Before VM we had DOS/VS running 5 partitions (1 was the spooler, 1 was the CICS teleprocessing system, and there 3 batch partitions.) DOS/VSE gave us 12 partitions. The problem was we still only had 1 address space in the real computer, and it was getting really crowded because we had every on-line application running in one partition. The solution was to install VM, then to carve the one big on-line system into multiple parts that didn't have to communicate with each other. The Police and Court systems talked and communicated with each other, they were in one guest machine. The Utility Billing system was in another guest because nothing that happened in that system had to communicate directly with any other system. One guest machine was for all the General Accounting systems because it like the others never dealt with other systems directly. Each of these three guests were running in a virtual environment with their own guest operating system, their own teleprocessing system their own spooler, everything they needed was there virtually (in essence but not in fact), but to the guest operating system and everything in that environment it looked like 'in fact' it was there.

Another virtual guest machine was an on-line test environment where any program could be run without danger of crashing the whole system. A test program could crash the the virtual environment, but it couldn't crash the 'real' environment.

The last virtual guest was used for batch programs only. It was the 'guest machine' we actually used to run those payroll, billing, status reports programs, etc It was as if we had 5 different computers because each 'guest machine' running under the control of VM's hypervisor which was managing the real set of equipment resources in such a way that whatever was running in a 'guest' machine thought that it was running all by itself.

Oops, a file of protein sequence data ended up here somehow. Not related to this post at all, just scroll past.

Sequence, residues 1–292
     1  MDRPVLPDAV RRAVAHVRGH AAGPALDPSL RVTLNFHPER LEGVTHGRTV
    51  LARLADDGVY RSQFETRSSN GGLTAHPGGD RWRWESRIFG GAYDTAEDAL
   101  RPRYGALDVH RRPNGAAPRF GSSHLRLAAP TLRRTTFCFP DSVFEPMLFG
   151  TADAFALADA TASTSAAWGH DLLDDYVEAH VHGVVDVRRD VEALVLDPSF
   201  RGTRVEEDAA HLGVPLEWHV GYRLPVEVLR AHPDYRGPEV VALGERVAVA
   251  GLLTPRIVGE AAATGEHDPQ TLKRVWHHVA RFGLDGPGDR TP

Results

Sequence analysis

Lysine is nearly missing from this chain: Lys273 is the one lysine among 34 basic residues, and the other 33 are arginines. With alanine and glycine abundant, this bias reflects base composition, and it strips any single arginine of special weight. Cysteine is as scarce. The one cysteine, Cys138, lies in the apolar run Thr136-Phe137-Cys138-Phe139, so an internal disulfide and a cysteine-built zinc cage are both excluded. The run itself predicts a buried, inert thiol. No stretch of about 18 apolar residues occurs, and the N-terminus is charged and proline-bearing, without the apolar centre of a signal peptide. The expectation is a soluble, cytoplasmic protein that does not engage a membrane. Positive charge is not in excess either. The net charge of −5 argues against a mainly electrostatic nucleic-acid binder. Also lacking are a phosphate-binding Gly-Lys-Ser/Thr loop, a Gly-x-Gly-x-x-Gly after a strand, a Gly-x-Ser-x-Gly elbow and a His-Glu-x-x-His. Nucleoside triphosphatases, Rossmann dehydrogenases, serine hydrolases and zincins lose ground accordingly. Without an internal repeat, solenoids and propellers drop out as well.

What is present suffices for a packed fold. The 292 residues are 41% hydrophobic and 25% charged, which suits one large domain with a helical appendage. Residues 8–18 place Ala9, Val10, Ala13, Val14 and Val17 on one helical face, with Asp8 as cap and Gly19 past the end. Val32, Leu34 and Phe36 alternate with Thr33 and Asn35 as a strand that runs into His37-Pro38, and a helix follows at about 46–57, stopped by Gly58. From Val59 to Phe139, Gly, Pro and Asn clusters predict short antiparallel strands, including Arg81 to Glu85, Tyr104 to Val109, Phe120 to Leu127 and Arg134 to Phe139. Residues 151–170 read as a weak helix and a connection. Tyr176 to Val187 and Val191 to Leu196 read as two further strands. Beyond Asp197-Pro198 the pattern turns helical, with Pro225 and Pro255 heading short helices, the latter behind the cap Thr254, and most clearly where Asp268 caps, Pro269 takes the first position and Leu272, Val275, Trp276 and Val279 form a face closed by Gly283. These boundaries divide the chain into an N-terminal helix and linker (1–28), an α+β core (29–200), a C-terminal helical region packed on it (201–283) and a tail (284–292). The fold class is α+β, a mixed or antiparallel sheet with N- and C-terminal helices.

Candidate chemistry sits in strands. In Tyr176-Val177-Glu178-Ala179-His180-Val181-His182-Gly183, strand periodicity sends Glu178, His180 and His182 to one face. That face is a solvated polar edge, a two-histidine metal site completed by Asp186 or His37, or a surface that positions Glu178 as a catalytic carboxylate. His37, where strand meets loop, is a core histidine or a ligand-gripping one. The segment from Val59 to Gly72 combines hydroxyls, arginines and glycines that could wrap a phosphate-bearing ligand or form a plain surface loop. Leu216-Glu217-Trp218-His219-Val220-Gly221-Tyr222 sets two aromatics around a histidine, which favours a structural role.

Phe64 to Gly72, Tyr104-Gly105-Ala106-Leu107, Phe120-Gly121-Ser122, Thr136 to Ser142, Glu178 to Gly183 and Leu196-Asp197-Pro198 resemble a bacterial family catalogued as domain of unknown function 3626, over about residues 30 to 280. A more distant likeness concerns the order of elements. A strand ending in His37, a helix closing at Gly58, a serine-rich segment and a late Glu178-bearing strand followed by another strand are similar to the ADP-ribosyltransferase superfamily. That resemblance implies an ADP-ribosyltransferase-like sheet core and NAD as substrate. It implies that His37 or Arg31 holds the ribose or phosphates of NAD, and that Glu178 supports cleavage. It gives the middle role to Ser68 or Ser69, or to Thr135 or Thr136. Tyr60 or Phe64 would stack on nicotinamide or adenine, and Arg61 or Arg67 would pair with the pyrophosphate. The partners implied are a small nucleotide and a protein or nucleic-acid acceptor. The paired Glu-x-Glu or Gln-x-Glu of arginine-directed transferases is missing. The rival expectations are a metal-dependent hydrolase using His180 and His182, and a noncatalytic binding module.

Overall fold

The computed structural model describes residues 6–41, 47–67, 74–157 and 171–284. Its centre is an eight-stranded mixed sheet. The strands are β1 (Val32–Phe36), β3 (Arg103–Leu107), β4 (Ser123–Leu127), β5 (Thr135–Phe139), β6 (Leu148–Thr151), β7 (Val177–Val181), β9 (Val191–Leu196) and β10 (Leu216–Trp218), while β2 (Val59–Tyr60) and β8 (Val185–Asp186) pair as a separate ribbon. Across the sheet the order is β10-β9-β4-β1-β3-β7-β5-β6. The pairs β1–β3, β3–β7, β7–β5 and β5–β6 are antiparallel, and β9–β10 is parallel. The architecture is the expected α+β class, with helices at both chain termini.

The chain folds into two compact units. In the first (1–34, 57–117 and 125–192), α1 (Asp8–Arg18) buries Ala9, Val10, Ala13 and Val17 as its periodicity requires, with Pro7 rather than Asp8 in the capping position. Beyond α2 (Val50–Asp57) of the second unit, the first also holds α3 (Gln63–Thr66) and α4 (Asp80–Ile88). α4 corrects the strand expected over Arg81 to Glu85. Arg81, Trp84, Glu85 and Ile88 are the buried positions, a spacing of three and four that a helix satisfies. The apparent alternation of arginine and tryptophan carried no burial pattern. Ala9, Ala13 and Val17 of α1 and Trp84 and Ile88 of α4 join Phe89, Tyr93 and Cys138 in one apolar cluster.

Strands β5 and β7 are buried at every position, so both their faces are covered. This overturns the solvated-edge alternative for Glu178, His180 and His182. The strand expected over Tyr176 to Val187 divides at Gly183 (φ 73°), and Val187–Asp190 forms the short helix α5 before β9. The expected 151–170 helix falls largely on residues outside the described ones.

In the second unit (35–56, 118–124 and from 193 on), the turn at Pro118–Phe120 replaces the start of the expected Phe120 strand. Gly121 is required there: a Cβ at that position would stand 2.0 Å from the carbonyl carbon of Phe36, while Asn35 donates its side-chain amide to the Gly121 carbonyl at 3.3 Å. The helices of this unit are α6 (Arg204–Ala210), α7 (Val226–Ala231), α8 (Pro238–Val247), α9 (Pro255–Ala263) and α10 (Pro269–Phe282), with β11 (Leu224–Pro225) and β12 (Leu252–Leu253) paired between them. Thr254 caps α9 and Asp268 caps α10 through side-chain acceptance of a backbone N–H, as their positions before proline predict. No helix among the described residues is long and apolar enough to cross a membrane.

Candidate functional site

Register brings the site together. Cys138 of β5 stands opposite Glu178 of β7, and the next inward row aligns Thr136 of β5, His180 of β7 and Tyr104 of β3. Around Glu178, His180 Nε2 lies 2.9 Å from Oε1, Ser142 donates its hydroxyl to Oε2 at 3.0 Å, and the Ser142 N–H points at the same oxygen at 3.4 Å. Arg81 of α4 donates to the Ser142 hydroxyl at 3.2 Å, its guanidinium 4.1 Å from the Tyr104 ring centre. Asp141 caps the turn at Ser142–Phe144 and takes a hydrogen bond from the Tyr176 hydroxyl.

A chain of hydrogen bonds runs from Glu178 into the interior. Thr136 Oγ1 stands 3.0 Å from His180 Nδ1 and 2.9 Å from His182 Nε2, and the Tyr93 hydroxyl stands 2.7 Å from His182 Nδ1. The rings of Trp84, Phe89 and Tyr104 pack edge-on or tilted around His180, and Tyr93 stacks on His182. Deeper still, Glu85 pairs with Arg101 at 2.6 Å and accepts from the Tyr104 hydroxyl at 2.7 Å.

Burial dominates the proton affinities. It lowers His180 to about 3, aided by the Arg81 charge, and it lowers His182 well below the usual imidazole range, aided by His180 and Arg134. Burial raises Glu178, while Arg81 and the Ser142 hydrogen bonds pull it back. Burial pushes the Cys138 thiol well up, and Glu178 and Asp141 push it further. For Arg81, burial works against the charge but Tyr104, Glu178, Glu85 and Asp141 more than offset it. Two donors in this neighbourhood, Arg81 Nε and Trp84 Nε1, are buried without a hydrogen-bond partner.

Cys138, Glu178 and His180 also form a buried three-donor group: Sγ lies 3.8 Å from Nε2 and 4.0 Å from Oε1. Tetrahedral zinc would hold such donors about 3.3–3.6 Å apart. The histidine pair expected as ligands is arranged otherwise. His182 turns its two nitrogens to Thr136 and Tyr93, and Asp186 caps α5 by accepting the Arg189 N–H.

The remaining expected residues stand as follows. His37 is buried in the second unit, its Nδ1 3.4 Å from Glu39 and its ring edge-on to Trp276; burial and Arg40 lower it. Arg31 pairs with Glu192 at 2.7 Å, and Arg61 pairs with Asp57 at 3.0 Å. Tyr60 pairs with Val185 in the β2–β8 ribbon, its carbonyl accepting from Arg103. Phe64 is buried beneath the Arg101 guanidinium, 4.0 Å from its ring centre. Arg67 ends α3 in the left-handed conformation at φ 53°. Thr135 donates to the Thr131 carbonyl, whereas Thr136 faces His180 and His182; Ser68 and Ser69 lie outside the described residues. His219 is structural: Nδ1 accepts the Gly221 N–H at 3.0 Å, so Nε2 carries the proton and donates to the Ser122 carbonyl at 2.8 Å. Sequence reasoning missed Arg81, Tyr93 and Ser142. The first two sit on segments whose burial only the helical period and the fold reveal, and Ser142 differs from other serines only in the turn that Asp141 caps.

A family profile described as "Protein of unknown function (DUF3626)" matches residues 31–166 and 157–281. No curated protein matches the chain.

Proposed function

I don't know what the IRS, Soc. Sec. and other big systems use now. I know that when I used to receive actual checks from the gov't (instead of having them direct deposited), I was pretty sure that the checks were being printed to a 1403 or a 1403-N1 (chain or train, respectively) instead of a drum-style printer.

EDS, Ross Perot's company in Dallas, used to do process a lot of company's big batch jobs like payroll, etc. They use large IBM MVS systems.

A lot of businesses are using mid-range systems to process their big batch load and even on-line systems now. The unfortunate thing is that mid-range systems are too oversold and under configured. After several upgrades in the start-up phase it sort of works. Immediately, though, planning starts to scrap the barely adequate system and replace it ASAP with the bigger, faster, higher capacity system that should have been installed in the first place. But often by this time the big iron has already been pushed out the door because the new system sort of works. What a lot of folks didn't pay attention to was the mid-range systems were designed for mid-range application loads. A mid-range system wasn't designed to have a big system's load dumped on it. A lot of money was supposed to be saved, but rarely was any money saved.

You may have seen this video, but even if you have, it's quite complimentary of the 1401. http://www.ibm.com/ibm100/us/en/icons/mainframe/


p.s. In a VM environment, if the systems programming staff has made a bunch of mods to the system and wants to test them, they can run the modified VM in a guest machine of the unmodified VM. It'd sort of be like running Windows under Windows so that the new version could be tested.

If you have comments or suggestions, Send e-mail to Ed Thelen

Started Feb 24, 2011